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Iran sends weapons to Afghanistan

November 5th, 2012

Iran is beginning to fund aid projects for Afghanistan. These projects are expected to fill the void left by the U.S. withdrawal in Afghanistan. Iran is also helping to expand intelligence networks across Afghanistan.

Afghanistan is very important to Iran’s capital city of Tehran and the means for the capital city to come out of international isolation. Close ties between the two countries include the fact that Iran shares a language with Afghanistan, and millions of Afghans work in Iran, while Iran also supplies electricity to western cities in Afghanistan like Herat. Tehran and Baghdad also seem to agree on the security concerns of the Syrian civil war.

Iran’s aid to Afghanistan does not necessarily compare to the U.S., but it will continue to grow. Despite the many close ties and the support the countries have for one another, some Afghans still dislike some of the conditions that come with Iranian aid. According to a high-ranking official in Afghanistan’s palace, Iranian influence could be something to fear. He mentioned that Iran could mobilize 20,000 Afghans while omitting political and cultural influence that isn’t necessarily easy to fight.

Still, Afghan officials have been receiving Iranian aid for years, like suitcases full of cash from Tehran – a gift for good relations. Iran seems to have no time to stop spreading their influence across the eastern borders. To do this effectively, the country uses Imam Khomeini Relief Committee, or the IKRC, which is a secretive aid organization that works internationally. The IKRC works directly with Afghans, which is different from the U.S. Agency for International Development, which gives aid through private contractors or hides the origin. Western and Afghan officials say that working directly with Afghan applicants aims to put economic help and efforts to gather intelligence together.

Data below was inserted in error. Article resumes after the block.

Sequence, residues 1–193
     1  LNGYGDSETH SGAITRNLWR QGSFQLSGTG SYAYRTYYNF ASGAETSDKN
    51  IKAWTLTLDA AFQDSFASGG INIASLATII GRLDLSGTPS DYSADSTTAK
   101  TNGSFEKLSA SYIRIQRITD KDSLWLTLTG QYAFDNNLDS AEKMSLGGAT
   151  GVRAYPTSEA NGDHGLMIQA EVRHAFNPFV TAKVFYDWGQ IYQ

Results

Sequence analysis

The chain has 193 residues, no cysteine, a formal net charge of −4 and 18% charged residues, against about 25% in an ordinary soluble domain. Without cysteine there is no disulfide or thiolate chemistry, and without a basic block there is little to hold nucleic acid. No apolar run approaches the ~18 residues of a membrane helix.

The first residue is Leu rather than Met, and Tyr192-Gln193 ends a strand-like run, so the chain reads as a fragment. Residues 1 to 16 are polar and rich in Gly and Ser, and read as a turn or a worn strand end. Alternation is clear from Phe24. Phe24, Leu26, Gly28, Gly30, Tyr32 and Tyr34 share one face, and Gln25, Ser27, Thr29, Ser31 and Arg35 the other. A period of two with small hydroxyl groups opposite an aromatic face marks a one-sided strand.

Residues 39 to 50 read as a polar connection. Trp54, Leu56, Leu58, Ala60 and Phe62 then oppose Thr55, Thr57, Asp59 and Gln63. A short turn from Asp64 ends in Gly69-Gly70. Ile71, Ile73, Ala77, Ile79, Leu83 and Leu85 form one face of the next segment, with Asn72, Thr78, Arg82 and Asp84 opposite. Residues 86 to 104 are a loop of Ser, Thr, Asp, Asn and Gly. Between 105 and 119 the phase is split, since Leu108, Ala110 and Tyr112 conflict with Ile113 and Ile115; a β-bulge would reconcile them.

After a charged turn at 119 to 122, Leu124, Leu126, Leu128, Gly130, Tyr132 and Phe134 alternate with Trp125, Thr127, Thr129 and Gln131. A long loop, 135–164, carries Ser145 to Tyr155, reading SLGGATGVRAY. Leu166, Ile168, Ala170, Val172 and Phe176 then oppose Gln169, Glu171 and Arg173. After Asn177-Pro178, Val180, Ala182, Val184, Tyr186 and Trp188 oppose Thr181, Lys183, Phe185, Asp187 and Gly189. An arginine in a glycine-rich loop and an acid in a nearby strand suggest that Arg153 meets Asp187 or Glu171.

The IKRC isn’t popular to some Afghan citizens, including one man who said a background check with details of extended family must be provided in order to apply for aid. This leads some U.S. officials to believe that this process of the IKRC is used so that aid only goes to those loyal to Iran.

U.S. officials seem to be skeptical of this aid, ensuring that Afghans will soon view Iran with suspicion, and this would then bring Iran’s efforts failure.

Still, it will be interesting to see Iranian influence in Afghanistan in the coming months. It is definitely worth watching the trend of this aid being popular or not cared for according to citizens and especially officials of both countries.